"It’s everybody’s job" to report challenges
For Immediate Release
CHICAGO – On the heels of Banned Books Week this year, the American Library Association’s (ALA) Office for Intellectual Freedom is kicking off a new awareness campaign to increase the reporting of challenges to library materials.
“We estimate that only 20 to 25 percent of challenges – formal requests that library materials be removed or restricted – are ever reported,” said Barbara Jones, director of the Office for Intellectual Freedom (OIF). “As libraries across the country and the world conclude their Banned Books Week celebrations, we’re reaching out to encourage anyone to contact our office when censorship efforts occur.”
Defend the Freedom to Read: It’s Everybody’s Job is an awareness campaign conceived by librarian and library activist Andy Woodworth. OIF has collaborated with Woodworth and commissioned the creation of original art to help spread the word. Inspired by the artwork and public safety notices of World War II, these images are freely available as digital downloads and come in all different sizes for a variety of uses. OIF encourages librarians to use the images as computer wallpaper, hang them in a staff lounge, print them out as bookmarks, post them as a blog banner or even use one as your icon on your favorite social media website.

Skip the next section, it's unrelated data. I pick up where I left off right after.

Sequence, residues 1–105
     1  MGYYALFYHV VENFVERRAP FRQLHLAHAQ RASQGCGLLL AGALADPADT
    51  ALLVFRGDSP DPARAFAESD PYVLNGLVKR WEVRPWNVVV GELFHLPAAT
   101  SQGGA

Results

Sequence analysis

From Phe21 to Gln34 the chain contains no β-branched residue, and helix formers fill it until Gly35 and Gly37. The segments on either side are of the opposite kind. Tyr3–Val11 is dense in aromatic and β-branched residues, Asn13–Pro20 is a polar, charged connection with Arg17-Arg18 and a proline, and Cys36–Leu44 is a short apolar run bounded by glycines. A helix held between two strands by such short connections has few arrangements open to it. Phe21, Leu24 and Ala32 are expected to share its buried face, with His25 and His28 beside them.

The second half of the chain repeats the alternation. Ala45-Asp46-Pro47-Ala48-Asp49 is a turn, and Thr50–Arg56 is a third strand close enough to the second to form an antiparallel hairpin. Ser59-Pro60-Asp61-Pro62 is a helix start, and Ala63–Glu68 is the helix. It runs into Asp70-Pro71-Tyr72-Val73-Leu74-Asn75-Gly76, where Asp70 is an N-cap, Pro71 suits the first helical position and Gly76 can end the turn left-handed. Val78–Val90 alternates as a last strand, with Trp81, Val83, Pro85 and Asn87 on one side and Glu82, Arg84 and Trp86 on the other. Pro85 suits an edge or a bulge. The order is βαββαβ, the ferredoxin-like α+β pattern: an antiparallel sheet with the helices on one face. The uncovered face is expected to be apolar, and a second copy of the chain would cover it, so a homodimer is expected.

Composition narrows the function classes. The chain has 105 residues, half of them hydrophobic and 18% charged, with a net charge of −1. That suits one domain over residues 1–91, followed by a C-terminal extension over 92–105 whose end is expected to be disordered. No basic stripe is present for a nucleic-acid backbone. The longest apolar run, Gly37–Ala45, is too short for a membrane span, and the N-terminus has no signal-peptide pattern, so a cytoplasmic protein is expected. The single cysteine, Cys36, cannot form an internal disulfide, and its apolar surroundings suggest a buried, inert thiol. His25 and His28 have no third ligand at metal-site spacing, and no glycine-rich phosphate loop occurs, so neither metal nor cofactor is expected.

“This is a request to the library community for something that all librarians can understand: we need more information!” Jones said. “With increased reporting, OIF will be able to better track challenges and removal patterns so as to advise members of the profession. In the same way that libraries collect circulation numbers to track usage, our office seeks to improve how we track instances of books that are currently being challenged and those that are being removed. Reporting a challenge or removal can be done by name or anonymously. The important thing is that people take the time to submit a report. This campaign will help raise awareness that OIF records challenges, provides support to those facing them and encourages anyone to contact our office about these issues.”
Challenges reported to ALA by individuals are kept confidential and used only for statistical purposes. Challenges or removals can be reported either online or by paper form. For more information, please visit the “Reporting a Challenge” page online at http://www.ala.org/challengereporting. For assistance with current or anticipated challenges to library materials, services, and programs, contact Angela Maycock at (800) 545-2433, ext. 4221, or firstname.lastname@example.org.
The Office for Intellectual Freedom is charged with implementing ALA policies concerning the concept of intellectual freedom as embodied in the Library Bill of Rights, the Association’s basic policy on free access to libraries and library materials. The goal of the office is to educate librarians and the general public about the nature and importance of intellectual freedom in libraries.
Andy Woodworth is a librarian in New Jersey. He is the group creator of the People for a Library Themed Ben & Jerry's Flavor, co-author of the eBook User’s Bill of Rights, creator of last year’s ALA “Endangered Libraries” shirt, and a 2010 Library Journal Mover & Shaker. His professional blog “Agnostic, Maybe” can be found at http://agnosticmaybe.wordpress.com.